The UD9004 handles audio like a champ.  It plays back Blu-rays, DVD-Audio and SACDs impeccably well, and includes a separate HDMI output just for audio.  All outputs utilize 192 kHz/32-bit audio DACs, and there are a wide range of those.  All in all, you won't find a player much better than the UD9004.

Samsung BD-C7900

With 3D becoming more and more commonplace, you want a player that can handle it well.  Samsung's $400 BD-C7900 is one of the best.  It's a new player on the market, but it's essentially an upgraded version of the C6900 that came out earlier this year.

Samsung 7900

The biggest difference between the C7900 and the C6900 is the inclusion of a second HDMI output for audio.  That makes the C7900 one of few 3D players on the market that caters to customers with older receivers.

To add to that, it's got all the streaming features you'd expect.  You can get movies from Blockbuster and Netflix, as well as music from Pandora.  The C7900 even has WiFi built right in so you don't have to worry about cords. The biggest downside to the C6900 was the amount of noise put out by the player.  That's something that should hopefully be addressed in the C7900.

Sony BDV-E770W

Sony htibThere are times – though they're very few and far between – when a home theater in a box is just what you need.  Maybe you're getting a home theater system for the kids or for the folks, or for a room that doesn't need all the bells and whistles.

In that case, Sony's BDV-E770W is a great way to go.  It's one of few HTiBs that's 3D capable, and that's a major selling point.  The E770W also includes a decent set of speakers for what they are – the rear two of which are wireless.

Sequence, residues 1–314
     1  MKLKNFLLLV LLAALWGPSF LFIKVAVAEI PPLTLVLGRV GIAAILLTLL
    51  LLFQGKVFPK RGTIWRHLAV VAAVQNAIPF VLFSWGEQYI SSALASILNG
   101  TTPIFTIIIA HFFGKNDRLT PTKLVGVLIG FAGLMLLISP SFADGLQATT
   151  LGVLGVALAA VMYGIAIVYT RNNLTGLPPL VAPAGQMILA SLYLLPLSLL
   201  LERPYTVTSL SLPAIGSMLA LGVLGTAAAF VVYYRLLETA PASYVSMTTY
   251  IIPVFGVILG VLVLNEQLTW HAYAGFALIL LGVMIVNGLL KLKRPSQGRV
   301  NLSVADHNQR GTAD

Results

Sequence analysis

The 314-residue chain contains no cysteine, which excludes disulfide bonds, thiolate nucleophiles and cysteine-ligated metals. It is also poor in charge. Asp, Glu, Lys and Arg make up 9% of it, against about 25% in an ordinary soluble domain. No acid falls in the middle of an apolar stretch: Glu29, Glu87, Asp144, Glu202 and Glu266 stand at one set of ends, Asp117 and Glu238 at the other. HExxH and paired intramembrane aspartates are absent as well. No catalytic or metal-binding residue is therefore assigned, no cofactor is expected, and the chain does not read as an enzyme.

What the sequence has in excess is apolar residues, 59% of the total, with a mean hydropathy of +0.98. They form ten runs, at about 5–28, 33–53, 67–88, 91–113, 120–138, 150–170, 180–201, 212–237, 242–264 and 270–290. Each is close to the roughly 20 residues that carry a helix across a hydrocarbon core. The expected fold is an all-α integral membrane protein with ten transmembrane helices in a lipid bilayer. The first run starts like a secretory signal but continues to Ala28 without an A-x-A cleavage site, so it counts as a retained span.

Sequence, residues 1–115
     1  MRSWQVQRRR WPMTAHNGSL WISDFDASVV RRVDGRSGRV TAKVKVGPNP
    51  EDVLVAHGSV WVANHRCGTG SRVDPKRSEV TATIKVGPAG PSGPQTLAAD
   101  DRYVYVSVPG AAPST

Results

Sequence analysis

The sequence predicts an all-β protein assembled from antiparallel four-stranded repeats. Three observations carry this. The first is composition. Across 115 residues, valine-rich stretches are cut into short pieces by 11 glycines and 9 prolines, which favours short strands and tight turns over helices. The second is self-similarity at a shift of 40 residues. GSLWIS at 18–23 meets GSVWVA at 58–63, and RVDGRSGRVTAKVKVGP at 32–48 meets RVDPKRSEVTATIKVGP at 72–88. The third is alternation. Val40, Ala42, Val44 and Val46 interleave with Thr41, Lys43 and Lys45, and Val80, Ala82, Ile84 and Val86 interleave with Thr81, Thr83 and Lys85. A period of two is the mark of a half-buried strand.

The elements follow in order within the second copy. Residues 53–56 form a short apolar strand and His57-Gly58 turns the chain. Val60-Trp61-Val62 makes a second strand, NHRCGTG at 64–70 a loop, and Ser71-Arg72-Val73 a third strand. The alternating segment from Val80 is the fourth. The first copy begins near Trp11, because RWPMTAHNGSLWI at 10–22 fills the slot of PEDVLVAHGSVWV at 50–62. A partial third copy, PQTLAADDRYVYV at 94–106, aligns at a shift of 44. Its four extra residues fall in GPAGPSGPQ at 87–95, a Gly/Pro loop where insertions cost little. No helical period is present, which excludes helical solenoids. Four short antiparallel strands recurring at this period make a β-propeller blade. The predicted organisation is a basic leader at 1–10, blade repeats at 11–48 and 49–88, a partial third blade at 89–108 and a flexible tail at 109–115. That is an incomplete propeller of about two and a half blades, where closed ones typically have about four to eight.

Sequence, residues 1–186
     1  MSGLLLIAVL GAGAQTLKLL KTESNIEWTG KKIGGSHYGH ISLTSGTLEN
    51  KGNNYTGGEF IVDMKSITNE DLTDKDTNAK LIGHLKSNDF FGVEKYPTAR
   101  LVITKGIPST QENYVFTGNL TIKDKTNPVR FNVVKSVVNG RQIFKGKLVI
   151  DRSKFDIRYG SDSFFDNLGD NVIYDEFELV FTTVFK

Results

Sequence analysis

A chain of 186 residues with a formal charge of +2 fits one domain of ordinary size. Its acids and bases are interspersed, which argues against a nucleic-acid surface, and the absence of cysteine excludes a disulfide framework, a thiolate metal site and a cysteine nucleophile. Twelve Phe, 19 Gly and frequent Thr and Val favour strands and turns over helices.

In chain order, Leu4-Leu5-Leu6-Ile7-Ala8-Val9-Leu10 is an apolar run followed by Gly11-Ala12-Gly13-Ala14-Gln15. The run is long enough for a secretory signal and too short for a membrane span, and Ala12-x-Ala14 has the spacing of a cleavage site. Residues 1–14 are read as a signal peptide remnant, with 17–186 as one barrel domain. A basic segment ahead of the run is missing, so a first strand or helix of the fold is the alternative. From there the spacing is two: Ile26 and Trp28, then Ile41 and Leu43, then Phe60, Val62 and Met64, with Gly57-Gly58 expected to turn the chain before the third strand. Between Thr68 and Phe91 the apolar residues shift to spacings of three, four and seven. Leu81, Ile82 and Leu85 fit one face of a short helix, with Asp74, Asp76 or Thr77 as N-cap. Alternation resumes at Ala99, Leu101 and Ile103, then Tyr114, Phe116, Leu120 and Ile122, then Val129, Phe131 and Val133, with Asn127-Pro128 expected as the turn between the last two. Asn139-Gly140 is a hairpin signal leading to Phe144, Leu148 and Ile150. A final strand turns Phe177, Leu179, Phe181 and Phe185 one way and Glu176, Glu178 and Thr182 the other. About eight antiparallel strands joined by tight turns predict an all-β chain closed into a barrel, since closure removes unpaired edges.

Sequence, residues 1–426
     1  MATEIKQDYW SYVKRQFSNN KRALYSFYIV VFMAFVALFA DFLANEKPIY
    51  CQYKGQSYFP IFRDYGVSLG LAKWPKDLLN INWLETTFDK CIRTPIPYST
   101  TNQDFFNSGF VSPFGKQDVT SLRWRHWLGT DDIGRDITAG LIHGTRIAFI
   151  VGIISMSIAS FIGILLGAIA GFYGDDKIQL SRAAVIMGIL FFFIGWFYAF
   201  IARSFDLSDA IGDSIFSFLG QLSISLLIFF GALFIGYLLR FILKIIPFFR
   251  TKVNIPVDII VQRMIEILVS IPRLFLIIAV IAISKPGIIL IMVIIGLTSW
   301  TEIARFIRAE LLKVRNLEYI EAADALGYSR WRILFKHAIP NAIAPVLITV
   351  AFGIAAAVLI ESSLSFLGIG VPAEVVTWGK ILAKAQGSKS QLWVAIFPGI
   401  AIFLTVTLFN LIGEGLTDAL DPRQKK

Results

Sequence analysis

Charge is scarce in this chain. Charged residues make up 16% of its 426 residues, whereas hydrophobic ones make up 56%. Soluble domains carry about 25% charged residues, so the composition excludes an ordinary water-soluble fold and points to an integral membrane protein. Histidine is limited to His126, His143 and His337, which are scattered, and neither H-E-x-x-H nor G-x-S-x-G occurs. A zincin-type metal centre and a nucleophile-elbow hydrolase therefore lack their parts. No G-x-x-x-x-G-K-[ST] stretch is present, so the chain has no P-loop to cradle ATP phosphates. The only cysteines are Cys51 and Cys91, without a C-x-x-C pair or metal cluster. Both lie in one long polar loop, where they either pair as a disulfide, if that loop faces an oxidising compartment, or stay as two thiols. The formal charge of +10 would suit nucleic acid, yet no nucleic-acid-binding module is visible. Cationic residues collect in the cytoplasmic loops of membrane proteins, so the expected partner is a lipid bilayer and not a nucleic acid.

The player itself also has wireless capabilities when it comes to internet streaming.  You can access Netflix, YouTube, Pandora and a series of other online providers as well as stream media from computers on your home network.  The E770W comes in at an MSRP of $649. 

Sony BDP-CX7000ES

Megachangers gained a great deal of popularity during the era of CDs and DVDs, but it's tough to find one out there these days.  Sony is one of few companies to create a carousel system capable of loading multiple Blu-ray discs.

Sony CX7000ES
The BDP-CX7000ES can handle up to 400 of them in a mix of Blu-ray, DVD and CD.  The changer connects to Gracenote for the metadata, which makes searching for the disc you want easier, and it can even grab the box art while it's doing so.  You'll need to connect an Ethernet cord though, since the CX7000ES doesn't have WiFi built in.

Sony's megachanger features 7.1 channel analog output, 1080p upscaling for DVDs, Super Bit Mapping, and an RS-232 port so the player can be integrated into a custom installed system.  This massive player comes with a MSRP of $1,899.

Panasonic DMP-B500

 You've only got a few different choices when it comes to picking up a Blu-ray player to use on the go, but there's only one right choice.  Panasonic's DMP-B500 is at the top of the very small mountain of portable players.  The B500 has a list price of $799, but you can find it for around $200 less.

Panasonic's portable player sports a 10 inch screen with a 1024 x 600 resolution.  It's not high def, but it's close – especially at that size.   It's a slick looking player that offers decoding of high definition audio formats and compatibility with a few different video files as well.

What's really interesting is that the DMP-B500 has built-in WiFi and the ability to connect to Panasonic's VIERA Cast, which enables streaming of online content from a variety of sources including the ever popular Netflix.

Sony PlayStation 3 Slim  (detailed review)

Sony PS3 SlimNearly four years after its release, the PS3 is still one of the most compelling Blu-ray players on the market, and the newer slim model makes the system even more attractive.  It's quieter, smaller, and more energy efficient than previous versions.

The PlayStation 3 handles Blu-rays just as well as, if not better than, any other Blu-ray player in its price range.  It's got nice quick load times too.  The PS3 also benefits from regular firmware updates.  It's one of few players that's still getting new firmware four years later, and likely the only player from 2006 that's 3D capable.

The PS3 can stream from Netflix, upscale DVDs quite well, play a variety of video and audio formats via your home network or attached USB drive, and even access the internet.  All that and it plays videogames too. A t $299, the Sony PlayStation 3 is still a player to beat.